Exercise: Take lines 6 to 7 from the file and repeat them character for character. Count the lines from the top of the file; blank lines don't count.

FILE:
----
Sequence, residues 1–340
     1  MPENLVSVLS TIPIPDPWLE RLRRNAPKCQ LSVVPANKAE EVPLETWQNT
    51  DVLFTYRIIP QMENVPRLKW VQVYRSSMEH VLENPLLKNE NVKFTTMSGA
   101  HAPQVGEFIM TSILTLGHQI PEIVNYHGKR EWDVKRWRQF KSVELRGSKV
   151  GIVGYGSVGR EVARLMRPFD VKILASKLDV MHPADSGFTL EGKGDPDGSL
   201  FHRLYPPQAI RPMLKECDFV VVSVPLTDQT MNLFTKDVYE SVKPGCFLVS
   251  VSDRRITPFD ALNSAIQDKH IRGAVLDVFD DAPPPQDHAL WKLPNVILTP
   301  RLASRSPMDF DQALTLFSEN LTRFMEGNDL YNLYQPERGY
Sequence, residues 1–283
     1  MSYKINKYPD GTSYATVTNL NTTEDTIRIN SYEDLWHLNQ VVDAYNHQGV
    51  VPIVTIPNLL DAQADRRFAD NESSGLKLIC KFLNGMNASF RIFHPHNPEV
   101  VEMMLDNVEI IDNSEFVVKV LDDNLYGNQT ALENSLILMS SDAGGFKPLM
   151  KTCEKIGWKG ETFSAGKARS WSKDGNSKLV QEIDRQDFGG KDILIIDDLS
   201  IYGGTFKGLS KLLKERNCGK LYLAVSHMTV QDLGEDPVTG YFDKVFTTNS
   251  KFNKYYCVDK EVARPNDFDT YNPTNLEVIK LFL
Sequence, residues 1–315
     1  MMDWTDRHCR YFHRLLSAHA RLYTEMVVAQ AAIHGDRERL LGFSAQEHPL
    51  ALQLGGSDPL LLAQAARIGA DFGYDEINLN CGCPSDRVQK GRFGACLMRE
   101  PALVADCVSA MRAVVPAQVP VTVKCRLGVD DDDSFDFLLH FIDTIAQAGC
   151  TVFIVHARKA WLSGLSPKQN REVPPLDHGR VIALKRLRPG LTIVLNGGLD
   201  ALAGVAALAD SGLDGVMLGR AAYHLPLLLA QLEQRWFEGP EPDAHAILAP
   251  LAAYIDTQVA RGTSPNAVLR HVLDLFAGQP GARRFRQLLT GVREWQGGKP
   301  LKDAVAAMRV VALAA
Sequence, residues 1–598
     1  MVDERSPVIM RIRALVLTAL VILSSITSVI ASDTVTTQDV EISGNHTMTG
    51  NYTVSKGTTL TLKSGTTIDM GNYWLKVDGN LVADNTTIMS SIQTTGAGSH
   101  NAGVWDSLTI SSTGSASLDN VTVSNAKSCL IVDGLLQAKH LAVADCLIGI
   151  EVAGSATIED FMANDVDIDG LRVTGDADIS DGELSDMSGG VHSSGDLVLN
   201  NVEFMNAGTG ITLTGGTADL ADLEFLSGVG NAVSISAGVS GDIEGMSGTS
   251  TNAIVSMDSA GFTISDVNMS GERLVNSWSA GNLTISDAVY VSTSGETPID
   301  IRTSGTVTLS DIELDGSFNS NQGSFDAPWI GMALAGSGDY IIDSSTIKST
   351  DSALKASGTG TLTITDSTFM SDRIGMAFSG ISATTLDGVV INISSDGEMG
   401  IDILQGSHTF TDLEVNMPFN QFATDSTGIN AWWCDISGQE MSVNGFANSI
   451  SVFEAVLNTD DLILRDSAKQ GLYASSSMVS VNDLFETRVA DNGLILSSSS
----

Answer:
   201  FHRLYPPQAI RPMLKECDFV VVSVPLTDQT MNLFTKDVYE SVKPGCFLVS
   251  VSDRRITPFD ALNSAIQDKH IRGAVLDVFD DAPPPQDHAL WKLPNVILTP